Accordingly, the OFCCP revised its total estimated annual burden hour cost in 2017 and 2018 for those contractors that will complete and submit only Component 1 (contractors with 50-99 employees) to $1,872,792.41, and the total estimated annual burden hour cost in 2017 and 2018 for employers and contractors that will complete both Components 1 and 2 to $53,546,359.08.
This would be a huge time burden and high cost for most employers, whether a large or small multi-establishment company. Even for employers with one establishment companies, the burden would be significant in one sense because of time and the other sense retrieving the data.
Employers would have had to “mine” electronic data from multiple systems to satisfy the mandatory reporting requirement of the EEO-1 report. After a successful retrieval of the required data for both full-time and part-time employees during the stated period, the data would have to be summarized by category and then the complex matrix of races, genders, EEO-1 codes, and pay range groups would have to be populated.
Further, if companies had to comply with supplying the new data, the recommendation was that employers conduct a privileged (i.e. with an attorney’s assistance to ensure the work was covered by attorney-client privilege) compensation analysis to determine if pay differences were because of legitimate factors such as, seniority, time in job, etc., and, if not, then employers would have to find and correct those before the data was submitted at the end of 2017. Employers would also need to review and revise job descriptions to be better able to determine under which of the EEO-1 job categories each position should be reported. Review and revision of job descriptions would be necessary to prevent an employer’s data from being skewed because employees were included in the wrong job groups.
In theory, for a big ask–and make no mistake, this was a big ask–there should have been a big reward. There are businesses whose primary work is to regularly analyze compensation for federal contractors. Lighthouse Compliance Solutions contributor, David Ankeny, is in the business of analyzing federal contractors’ compensation. Lighthouse and businesses like it know how to spot potential discrimination. Those businesses know what employers and/or the federal government needs to detect discrimination. The new, now, thankfully defunct, EEO-1 did not have it. It would have been of little value in detecting discrimination. The means far exceeded the ends and the new Report could not be justified.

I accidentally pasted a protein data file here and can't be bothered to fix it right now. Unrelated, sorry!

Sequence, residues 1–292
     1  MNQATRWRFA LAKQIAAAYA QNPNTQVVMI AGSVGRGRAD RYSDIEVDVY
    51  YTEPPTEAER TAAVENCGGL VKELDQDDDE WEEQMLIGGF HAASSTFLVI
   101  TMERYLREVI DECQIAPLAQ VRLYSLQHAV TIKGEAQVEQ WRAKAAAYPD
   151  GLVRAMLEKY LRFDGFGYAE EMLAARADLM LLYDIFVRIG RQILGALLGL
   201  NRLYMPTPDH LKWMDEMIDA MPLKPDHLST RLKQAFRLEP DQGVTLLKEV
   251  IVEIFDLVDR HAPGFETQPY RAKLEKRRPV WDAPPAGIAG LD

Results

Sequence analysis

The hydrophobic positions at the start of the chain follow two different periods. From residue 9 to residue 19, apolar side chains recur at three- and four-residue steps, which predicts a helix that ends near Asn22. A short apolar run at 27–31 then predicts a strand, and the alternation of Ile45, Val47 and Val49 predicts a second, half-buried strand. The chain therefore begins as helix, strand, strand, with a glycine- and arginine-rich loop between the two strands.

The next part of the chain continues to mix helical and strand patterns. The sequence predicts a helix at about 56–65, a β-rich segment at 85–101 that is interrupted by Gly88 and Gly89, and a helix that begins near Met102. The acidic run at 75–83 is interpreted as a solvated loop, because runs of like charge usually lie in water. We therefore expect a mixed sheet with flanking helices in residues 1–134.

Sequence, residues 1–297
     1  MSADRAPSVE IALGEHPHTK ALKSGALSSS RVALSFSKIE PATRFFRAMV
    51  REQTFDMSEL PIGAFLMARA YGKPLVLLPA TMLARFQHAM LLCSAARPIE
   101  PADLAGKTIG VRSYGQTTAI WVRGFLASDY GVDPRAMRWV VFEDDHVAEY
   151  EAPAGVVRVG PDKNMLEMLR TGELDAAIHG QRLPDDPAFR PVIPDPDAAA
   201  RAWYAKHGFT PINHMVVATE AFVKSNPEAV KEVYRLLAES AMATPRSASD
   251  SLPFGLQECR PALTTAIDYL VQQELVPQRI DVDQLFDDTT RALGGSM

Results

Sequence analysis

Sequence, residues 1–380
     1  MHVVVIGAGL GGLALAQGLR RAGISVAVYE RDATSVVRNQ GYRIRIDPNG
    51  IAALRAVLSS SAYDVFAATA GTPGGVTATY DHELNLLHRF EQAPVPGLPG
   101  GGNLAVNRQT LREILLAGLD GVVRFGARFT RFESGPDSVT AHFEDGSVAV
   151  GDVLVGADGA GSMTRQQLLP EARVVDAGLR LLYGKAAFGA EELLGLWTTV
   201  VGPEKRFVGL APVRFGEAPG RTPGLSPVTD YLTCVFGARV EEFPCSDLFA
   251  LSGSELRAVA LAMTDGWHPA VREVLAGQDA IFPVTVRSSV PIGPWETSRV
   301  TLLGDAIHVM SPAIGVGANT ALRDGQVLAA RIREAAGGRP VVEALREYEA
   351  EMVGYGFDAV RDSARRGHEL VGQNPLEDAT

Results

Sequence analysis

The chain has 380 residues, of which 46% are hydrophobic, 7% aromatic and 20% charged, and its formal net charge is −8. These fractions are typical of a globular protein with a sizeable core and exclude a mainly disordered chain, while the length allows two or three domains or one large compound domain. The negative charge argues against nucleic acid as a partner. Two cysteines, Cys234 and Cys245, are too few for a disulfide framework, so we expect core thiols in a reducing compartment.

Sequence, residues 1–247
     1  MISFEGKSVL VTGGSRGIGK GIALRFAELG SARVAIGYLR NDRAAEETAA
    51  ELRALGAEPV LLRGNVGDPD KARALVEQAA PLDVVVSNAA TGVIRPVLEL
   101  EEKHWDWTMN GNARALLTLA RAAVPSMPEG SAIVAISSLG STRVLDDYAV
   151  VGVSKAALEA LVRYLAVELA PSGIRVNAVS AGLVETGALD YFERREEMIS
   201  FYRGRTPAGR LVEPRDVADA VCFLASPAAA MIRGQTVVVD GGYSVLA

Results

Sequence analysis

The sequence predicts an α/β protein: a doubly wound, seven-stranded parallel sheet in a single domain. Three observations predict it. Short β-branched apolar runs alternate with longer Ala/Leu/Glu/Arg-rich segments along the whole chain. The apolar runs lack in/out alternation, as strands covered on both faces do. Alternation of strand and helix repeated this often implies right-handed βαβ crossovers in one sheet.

Did it make sense for the Agency to obtain discrimination indicators on the EEO-1 or any document for that matter? Somewhat but, in reality, it cannot be obtained by numbers. Income can be affected by numerous things regardless of sex or race that could cause a false positive for pay discrimination. Employee benefit plans can affect the W-2 statement as well as IRA’s. Individual choices with regard to benefits and IRA contributions would change the numbers. Another example would be stock options. A male employee may exercise the option to purchase stock in one year, while the female employee exercises the option in a different year, because stock options are not taxed until exercised, the pay data for these employees would look different on their W-2 forms even though they had the same options and received the same salary.
Further, compensation is motivation. Motivation is complex. It is not something that can be seen merely by numbers. There are no shortcuts, no clever models. Lots of factors exist. After all, motivation is different for everyone. Bottom line, it’s a waste of employer and Agency resources to look for indicators of pay discrimination merely from numbers.
Is It Likely To Ever Come Back?
Unlike the wicked witch from the Land of Oz, who is definitely not coming back, the answer is “possibly.” The OFCCP has demonstrated time and time again that it will continue its efforts to weed out pay discrimination. However, the various methods employed to reach its goal, like the DuBray Methods, salary grade analyses, cohorts and standard deviations, “Standards and Guidelines” and no guidelines, Directive 307, EO Surveys, and now, a new and improved EEO-1 report all fail to achieve the end result. As Albert Einstein put it “the definition of insanity is doing the same thing over and over again, but expecting different results.” Despite that logic, depending upon who is President, expect another similar future effort. In the meantime, employers should focus on analyzing their compensation practices on an annual basis to make sure that its employees are being paid in a non-discriminatory manner. It can be done, but just not by the pay numbers alone.